When one of my advisees received shocking news of a death in her immediate family on Saturday evening, my heart broke with her pain and sadness. When the next day another advisee lost another close family member, I wasn’t sure how to prepare to meet the chapter’s needs. I pulled out my resource kit to reexamine how to talk about religion in a sorority where members are of different faiths (or no faiths at all) — to be supportive and honest and encourage them to lean on each other as they searched for meaning in this difficult time.
In my heart (or is it your head where you compose a prayer before you pray it? Are pastors praying when they write the prayers or only when they read them out loud during service?) I planned a bit of what I could say, if it was appropriate or needed, not knowing if it would be tears or nerves or short tempers or friendship that would be the most apparent when I entered their environment.
We don’t all call out to God by the same name — and some of us do not believe that he is there at all. We come from different backgrounds, different faith communities and different families, and we don’t have all the answers. Today, it feels a bit like we don’t have any answers. But together, we believe that sacrificial love — that true friendship and caring for our neighbors and reaching out to those around us — can cover the darkness. That in the end, love conquers evil. And so, while we don’t understand why these things happen, we look to each other for friendship and compassion as we move forward together.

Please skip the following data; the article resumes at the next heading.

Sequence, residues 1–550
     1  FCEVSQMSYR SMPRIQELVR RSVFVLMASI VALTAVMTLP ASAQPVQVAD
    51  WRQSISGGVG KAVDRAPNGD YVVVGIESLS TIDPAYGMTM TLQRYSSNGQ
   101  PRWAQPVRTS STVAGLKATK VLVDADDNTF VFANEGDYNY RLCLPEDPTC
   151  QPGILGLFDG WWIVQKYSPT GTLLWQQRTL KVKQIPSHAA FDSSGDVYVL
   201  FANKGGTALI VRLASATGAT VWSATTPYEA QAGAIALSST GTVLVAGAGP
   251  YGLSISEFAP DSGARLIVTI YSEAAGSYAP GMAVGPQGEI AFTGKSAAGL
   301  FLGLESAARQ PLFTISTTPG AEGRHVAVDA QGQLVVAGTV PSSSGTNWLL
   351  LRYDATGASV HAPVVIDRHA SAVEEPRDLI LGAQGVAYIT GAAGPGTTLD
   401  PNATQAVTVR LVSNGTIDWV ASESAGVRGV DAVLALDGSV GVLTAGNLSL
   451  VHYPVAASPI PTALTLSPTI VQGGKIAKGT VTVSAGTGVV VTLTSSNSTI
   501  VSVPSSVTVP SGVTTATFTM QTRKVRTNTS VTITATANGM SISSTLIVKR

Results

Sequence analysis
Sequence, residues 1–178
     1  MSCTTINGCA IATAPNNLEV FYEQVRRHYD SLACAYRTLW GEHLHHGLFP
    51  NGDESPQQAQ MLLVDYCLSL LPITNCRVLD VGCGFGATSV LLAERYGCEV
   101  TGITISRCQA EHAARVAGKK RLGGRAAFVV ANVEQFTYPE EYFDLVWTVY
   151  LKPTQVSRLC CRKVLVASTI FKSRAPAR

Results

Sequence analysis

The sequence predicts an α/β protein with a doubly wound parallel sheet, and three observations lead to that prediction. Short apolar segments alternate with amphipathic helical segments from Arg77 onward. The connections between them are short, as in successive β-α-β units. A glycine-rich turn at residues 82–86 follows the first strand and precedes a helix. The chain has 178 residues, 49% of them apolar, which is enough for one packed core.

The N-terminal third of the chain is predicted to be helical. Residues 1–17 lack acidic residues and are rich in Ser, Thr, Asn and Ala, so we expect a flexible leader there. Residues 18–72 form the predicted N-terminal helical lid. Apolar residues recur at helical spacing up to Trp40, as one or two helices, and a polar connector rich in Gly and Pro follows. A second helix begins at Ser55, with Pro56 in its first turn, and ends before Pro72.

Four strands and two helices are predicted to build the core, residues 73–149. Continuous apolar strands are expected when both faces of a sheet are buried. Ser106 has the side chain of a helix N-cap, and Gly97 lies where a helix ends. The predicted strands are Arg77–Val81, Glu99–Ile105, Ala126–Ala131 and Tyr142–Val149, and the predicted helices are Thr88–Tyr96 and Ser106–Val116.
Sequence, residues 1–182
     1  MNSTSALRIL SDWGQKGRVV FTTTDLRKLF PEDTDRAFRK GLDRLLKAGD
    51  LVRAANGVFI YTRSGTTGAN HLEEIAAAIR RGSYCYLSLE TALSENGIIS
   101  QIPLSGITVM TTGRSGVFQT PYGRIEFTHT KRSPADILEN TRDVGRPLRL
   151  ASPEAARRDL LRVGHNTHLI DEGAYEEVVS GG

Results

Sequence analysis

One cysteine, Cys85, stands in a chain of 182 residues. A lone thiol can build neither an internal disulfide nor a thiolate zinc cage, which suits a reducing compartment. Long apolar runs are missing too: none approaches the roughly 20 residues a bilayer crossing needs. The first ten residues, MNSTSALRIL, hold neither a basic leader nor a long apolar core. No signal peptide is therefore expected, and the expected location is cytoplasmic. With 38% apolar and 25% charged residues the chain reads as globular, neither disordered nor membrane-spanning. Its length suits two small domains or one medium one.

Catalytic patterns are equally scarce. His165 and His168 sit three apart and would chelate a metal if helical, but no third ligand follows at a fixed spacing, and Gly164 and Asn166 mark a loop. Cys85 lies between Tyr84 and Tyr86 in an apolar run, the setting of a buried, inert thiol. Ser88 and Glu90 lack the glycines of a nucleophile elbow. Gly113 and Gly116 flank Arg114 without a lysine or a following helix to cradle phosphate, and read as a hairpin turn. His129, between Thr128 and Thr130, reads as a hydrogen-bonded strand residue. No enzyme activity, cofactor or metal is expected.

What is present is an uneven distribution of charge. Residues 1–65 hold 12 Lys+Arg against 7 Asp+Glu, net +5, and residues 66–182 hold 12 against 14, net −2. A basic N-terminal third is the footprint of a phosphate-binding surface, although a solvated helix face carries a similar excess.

My thoughts weren’t needed. I didn’t have to make any sort of religiously sensitive, diversity-aware faith statements or offer any deep counsel. The women were focused on their tasks at hand and depending on each other for support. They are hanging in there, and they certainly didn’t need me to make any kind of grand moral statement on the meaning of the world.
And so I came home, glad. I didn’t really think I had the emotional intelligence to handle that conversation anyway.
And then a distant friend of my family, a woman only one year older than me, was hit head-on by another driver, while she was in the car with her mother, her three-year-old daughter, and her two-week-old son. Her mother passed away during surgery, she has been in and out of surgery multiple times already, her two-week-old son has a broken femur, and her three-year-old daughter is barely hanging on. Her daughter may not be with us through the night.
And my heart is broken again. How is all of this possible? How can so much darkness fill this world?
And I still don’t know why. But I am convinced, certain, that sacrificial love conquers evil, and that true friendship is our way of exhibiting this love in our dark and stormy world. And so, I tell myself this again, hoping it will take. I worked so hard to get the words right for everyone else, but it looks like it was always meant for me.
Megan, my dear, our heartfelt prayers are with you and yours. You are loved.